Rounding out the Top 15 are Kentucky, Minnesota, Michigan, and Connecticut with 13 cycles decided by single digits and Tennessee, Massachusetts, Montana, and Colorado with 12 cycles.

Looking at a much narrower window of the last 40 years, Wisconsin and Pennsylvania have claimed the most cycles decided by less than 10 points with nine followed by Oregon and Missouri with eight.

Wisconsin also leads the nation with the most cycles decided by less than five points during this 40-year span with seven, followed by Ohio with six and Missouri, Nevada, and Pennsylvania with five.

The states with the longest active streaks of competitive presidential races are Colorado, Florida, New Hampshire, Ohio, and Virginia with five dating back to the Election of 1988 and Missouri with four.

And how valuable is this historical 100-year cheat sheet for the 2012 cycle?

Most, but not each of the Top 15 most competitive states over the last 100 years are considered states to watch this November, with Connecticut, Delaware, Kentucky, Massachusetts, and Tennessee slated to be the least competitive of the bunch.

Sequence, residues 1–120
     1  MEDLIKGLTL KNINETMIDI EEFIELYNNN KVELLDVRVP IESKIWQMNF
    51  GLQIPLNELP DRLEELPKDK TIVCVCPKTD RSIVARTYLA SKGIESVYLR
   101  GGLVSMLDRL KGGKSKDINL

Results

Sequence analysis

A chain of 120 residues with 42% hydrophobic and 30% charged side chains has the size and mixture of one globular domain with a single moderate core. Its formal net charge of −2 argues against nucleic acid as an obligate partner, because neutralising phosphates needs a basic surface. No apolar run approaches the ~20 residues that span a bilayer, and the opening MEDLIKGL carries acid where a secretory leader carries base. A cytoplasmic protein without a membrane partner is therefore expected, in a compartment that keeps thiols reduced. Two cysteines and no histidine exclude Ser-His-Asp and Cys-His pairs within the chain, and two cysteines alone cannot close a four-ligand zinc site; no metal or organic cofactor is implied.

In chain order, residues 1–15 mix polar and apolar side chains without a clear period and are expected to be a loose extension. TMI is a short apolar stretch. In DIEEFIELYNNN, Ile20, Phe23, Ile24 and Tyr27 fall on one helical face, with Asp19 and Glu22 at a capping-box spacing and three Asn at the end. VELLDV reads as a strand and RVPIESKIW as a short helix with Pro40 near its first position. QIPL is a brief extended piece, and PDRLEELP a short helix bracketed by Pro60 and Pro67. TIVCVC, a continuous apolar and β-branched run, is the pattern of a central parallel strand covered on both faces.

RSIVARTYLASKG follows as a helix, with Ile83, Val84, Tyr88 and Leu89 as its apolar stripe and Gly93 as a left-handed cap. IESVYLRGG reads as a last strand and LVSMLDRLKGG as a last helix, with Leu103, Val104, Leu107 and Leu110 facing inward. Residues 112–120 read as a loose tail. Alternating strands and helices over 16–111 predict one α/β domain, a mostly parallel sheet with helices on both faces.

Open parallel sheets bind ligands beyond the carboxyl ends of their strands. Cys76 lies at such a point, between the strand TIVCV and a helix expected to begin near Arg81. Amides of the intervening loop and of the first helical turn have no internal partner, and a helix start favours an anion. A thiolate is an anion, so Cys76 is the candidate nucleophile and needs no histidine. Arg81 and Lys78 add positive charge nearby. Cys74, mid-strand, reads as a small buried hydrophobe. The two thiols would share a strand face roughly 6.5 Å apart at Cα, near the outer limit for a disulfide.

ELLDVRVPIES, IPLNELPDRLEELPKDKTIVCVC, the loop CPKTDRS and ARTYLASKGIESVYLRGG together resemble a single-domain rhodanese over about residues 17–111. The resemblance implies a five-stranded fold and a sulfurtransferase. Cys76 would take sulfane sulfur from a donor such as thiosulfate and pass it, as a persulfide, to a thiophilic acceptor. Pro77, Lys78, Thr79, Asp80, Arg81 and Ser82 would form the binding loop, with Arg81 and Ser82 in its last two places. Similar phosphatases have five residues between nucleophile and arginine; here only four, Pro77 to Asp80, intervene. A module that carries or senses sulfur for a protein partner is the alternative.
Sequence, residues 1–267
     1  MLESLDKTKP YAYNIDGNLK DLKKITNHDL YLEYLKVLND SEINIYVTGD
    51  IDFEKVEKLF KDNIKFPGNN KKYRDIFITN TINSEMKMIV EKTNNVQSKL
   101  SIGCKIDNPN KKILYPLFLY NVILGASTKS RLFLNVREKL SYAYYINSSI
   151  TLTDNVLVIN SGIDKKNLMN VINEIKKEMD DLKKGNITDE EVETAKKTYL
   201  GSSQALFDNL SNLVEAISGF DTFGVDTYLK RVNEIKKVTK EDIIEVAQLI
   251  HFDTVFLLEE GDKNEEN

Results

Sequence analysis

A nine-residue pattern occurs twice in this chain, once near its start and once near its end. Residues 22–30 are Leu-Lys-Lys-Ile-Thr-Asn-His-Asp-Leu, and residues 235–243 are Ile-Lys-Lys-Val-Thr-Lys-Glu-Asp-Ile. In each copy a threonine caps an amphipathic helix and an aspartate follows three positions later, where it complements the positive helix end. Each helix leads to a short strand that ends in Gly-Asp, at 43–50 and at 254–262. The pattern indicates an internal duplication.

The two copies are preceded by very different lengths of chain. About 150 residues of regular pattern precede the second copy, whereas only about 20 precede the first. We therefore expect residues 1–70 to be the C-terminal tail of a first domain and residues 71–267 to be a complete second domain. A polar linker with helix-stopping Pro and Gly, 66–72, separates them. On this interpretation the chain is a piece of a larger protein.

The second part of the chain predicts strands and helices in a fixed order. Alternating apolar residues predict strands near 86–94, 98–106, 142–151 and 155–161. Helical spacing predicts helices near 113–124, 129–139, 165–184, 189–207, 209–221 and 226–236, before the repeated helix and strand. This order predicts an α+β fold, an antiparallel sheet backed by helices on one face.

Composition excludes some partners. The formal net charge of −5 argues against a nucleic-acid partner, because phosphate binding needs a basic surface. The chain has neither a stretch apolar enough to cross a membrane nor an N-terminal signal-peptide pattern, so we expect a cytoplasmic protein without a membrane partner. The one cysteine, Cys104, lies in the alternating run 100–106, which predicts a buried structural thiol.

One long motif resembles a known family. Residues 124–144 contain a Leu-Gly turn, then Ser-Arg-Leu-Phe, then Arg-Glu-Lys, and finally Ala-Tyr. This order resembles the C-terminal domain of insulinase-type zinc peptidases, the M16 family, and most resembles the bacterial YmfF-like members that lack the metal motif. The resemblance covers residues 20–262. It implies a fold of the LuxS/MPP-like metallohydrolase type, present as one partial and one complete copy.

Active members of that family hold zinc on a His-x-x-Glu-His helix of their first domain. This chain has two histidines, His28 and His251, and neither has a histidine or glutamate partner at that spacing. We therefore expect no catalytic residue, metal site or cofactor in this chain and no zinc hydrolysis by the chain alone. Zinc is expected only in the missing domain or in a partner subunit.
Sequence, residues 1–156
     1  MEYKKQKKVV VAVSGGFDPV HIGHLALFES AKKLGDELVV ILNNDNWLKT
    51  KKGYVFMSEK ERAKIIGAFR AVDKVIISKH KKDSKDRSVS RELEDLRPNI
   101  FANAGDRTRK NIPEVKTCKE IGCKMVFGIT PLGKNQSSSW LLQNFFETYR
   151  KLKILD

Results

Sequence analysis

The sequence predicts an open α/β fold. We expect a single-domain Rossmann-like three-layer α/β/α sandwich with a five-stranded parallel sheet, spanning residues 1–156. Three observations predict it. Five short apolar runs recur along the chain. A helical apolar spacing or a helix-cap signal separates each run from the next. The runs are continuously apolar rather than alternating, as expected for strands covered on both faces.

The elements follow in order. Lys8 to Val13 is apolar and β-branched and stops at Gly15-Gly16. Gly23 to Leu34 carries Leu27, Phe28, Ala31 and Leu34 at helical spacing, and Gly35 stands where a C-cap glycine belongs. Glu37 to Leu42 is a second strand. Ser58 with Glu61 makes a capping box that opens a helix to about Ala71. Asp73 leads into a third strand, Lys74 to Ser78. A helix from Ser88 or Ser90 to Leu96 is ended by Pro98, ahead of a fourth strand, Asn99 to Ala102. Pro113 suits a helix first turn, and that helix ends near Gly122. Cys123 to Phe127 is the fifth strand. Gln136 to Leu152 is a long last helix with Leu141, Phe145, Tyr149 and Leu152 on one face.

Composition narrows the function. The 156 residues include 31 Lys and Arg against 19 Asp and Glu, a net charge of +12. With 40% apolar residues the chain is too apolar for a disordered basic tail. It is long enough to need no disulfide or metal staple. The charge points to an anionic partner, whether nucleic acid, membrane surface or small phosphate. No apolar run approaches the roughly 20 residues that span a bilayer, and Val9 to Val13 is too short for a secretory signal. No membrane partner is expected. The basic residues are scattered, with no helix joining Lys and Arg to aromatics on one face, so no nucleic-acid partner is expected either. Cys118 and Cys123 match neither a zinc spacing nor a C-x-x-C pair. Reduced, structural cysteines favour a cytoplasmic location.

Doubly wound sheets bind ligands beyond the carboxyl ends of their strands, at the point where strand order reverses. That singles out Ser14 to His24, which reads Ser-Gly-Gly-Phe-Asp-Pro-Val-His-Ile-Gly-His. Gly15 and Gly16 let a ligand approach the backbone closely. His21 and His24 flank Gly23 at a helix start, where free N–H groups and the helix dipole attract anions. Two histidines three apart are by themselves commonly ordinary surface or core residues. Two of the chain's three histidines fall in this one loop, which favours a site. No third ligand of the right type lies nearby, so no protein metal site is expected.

Meanwhile, very few states on the back end of this list are likely to be competitive this November.

The 19 states with less than one-third of their contests decided by single digits over the last 100 years are:

· Maine and North Dakota with eight.
· Arizona, California, Oklahoma, South Carolina, and Texas with seven.
· Arkansas, Idaho, Rhode Island and Vermont with six.
· Louisiana, Mississippi, Utah, and Wyoming with five.
· Alabama and Georgia with four.
· Alaska and Nebraska with three.

While various media outlets and prognosticators differ as to the definition of a battleground state (and thus which states are defined by that category), the only states listed above that have been remotely mentioned as being competitive this cycle are Arizona (due to the state's rising Hispanic population) and Maine (due to its independent streak and affinity for moderate Republicans).

It should be noted that, on occasion, blow-out elections can cause otherwise non-competitive states to end up being battleground or 'toss-up' states - though they are meaningless given the lopsided electoral vote outcome.

For example, in 1984 Ronald Reagan carried Massachusetts by 2.8 points as part of his 49-state rout.

Or, in 1932, Franklin Roosevelt won New Hampshire by 1.8 points as he crushed Republican nominee Alf Landon by over 500 Electoral College votes.

In that sense, there can sometimes be a disconnect in what the media designates as battleground or 'toss-up' states and the states that are ultimately the most competitively decided.

For, as unlikely as it seems, if Barack Obama loses Georgia by 5.2 points again in 2012 as he did four years ago, that probably means many of the 'battleground states' will be in the president's column by double-digits in November.